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On 19 February 2021 the Supreme Court unanimously dismissed Uber’s final appeal, finding that Uber drivers are considered to be workers.
The case centred around the vexed question of employment status. Whether Uber drivers are to be regarded as performing services for Uber or whether, as Uber contended, they perform services solely for and under contracts made with passengers through the agency of Uber. Uber submitted that they merely provided technological and payment collection services which facilitated the drivers’ contract with passengers.
However, the Supreme Court agreed with the previous findings of the Employment Tribunal, Appeal Tribunal, and Court of Appeal that the drivers are workers working for Uber during any period when the driver (a) had the Uber app switched on, (b) was within the territory in which he was authorised to work, and (c) was able and willing to accept assignments.
In reaching their decision on status, the Supreme Court emphasised five factors, previously highlighted by the Employment Tribunal, which they found were particularly indicative of a worker relationship:
- Uber dictated how much drivers were paid and whether to refund passengers.
- Drivers had no ability to negotiate the terms on which they contract with Uber.
- Once the driver is logged into the Uber app they were constrained in rejecting trips as the rate of acceptance and cancellation was monitored.
- Uber monitors a driver’s service through a rating system, and had the capacity to terminate a driver if the service did not improve after repeated warnings.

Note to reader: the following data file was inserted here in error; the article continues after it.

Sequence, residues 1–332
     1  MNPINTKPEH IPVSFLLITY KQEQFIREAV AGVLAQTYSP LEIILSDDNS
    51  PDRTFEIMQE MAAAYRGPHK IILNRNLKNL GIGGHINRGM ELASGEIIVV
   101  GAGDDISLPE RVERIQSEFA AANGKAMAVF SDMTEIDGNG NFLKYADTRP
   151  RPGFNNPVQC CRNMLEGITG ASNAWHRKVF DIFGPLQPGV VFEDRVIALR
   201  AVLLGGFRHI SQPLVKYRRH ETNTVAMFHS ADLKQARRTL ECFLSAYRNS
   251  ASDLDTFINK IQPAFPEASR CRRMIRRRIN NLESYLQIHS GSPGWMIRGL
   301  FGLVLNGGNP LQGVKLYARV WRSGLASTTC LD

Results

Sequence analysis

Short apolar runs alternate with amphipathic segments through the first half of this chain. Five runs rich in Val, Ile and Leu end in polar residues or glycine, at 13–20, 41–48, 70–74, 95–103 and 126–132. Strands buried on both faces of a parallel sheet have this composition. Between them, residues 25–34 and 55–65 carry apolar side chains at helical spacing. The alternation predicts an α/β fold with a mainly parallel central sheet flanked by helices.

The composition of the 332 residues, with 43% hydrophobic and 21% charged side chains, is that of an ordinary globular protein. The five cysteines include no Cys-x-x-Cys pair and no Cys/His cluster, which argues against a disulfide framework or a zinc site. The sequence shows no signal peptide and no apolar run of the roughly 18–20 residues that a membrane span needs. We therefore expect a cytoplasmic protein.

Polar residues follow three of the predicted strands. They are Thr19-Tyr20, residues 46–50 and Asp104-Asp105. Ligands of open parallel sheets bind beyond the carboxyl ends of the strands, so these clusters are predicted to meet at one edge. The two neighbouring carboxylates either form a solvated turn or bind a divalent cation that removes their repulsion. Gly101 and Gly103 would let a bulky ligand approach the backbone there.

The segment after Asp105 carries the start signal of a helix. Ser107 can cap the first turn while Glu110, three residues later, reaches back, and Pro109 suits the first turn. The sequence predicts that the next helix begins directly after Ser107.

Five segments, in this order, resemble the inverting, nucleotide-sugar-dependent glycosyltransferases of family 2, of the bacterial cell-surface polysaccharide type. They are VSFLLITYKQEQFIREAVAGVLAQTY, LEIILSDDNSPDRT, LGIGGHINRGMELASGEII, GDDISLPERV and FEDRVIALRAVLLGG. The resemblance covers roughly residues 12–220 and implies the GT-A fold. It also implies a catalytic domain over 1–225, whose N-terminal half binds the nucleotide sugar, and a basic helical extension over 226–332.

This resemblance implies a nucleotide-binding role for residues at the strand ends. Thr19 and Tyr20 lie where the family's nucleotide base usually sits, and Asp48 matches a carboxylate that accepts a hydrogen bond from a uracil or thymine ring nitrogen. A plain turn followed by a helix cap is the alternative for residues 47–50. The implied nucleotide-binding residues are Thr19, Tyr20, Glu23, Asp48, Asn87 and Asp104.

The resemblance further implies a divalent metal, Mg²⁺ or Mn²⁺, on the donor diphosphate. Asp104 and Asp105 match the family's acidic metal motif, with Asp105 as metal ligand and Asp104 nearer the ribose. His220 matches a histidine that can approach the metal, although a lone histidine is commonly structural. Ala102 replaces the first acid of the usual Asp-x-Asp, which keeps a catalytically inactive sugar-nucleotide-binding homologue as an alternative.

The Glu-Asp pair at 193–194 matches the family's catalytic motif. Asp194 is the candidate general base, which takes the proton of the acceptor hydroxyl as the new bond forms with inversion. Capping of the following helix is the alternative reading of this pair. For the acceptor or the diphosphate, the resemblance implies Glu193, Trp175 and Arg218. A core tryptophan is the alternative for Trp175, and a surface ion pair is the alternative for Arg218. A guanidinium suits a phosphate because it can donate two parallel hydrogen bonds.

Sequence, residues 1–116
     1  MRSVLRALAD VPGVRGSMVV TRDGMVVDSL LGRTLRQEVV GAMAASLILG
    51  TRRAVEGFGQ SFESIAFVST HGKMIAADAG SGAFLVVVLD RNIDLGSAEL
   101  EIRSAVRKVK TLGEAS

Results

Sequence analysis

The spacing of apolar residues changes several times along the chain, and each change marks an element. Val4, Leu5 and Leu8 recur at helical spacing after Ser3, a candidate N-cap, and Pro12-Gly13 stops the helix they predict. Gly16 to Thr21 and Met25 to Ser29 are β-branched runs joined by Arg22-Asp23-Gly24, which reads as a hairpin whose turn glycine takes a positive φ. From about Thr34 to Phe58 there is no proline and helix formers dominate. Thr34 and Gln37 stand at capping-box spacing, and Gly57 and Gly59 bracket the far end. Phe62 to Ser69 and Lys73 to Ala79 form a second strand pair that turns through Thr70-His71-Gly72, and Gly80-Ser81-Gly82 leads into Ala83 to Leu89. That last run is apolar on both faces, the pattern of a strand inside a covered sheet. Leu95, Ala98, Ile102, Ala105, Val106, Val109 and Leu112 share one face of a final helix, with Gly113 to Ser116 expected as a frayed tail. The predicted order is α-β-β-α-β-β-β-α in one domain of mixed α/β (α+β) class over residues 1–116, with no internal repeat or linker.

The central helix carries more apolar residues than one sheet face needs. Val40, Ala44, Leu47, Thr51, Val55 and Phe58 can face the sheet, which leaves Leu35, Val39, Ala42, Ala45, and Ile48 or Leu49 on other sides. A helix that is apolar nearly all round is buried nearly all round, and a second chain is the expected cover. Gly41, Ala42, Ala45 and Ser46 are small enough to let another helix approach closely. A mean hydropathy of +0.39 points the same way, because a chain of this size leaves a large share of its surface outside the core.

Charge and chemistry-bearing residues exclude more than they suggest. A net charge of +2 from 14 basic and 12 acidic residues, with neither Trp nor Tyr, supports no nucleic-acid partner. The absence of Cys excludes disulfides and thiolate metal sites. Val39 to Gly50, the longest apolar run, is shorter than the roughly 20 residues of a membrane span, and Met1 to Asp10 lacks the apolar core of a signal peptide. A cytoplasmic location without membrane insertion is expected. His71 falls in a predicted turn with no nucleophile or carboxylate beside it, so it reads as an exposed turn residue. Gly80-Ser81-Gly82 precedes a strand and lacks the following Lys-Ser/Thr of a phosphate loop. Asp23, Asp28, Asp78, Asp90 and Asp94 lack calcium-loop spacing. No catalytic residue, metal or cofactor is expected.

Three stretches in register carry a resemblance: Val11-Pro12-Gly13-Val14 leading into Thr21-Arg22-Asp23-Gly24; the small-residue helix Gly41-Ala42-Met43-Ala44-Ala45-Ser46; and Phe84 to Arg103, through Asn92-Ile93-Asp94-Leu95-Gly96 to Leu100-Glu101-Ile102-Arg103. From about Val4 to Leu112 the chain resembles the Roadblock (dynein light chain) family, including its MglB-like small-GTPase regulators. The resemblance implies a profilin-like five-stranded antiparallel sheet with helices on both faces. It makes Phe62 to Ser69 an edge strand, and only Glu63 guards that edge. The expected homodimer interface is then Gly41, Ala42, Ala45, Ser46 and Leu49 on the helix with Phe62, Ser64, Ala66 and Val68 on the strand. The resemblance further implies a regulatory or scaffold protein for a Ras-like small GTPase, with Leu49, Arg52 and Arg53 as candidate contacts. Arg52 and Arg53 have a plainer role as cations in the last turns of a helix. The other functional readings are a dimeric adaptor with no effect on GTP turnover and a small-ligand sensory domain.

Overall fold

- The relationship between the driver and the passenger is restricted to a minimum, preventing the driver from establishing a relationship with a passenger. Indeed the drivers had little or no ability to improve their economic position through professional or entrepreneurial skill.
Implications for Uber
The judgement has huge consequences for Uber. Now classed as workers, its drivers will be entitled to basic employment rights such as holiday pay, pension contributions, rest breaks, the national minimum wage (and the National living wage) and the protection of whistleblowing legislation.
As workers rather than employees however, the drivers have not won the full protection of employment rights, including the right not to be unfairly dismissed and the right to a redundancy payment.
How significant is this decision outside of Uber?
The ruling may open the floodgates to claims throughout gig-economy industries from self-employed consultants who may now argue that they have been miscategorised. However the test of worker (or indeed employee) status depends on weighing up a number of factors, some which may point in favour of that outcome and others which may go against it.
The very specific way that Uber engages its drivers was closely analysed in order for the decision to be made, and the high degree of control that it exercises over its drivers from recruitment onwards was significant. Other operators' models may sit at a different point on the spectrum and, if challenged, an alternative outcome may be reached.
The most significant impact of the ruling is clearly on the gig economy. However, the ruling also affects any business seeking to show that individuals they engage are not ‘workers’ or, potentially, ’employees’. The decision re-emphasises the importance of correctly assessing the status of self-employed contractors. An employment tribunal will examine the reality of the relationship between the parties, rather than simply relying on the contractual terms.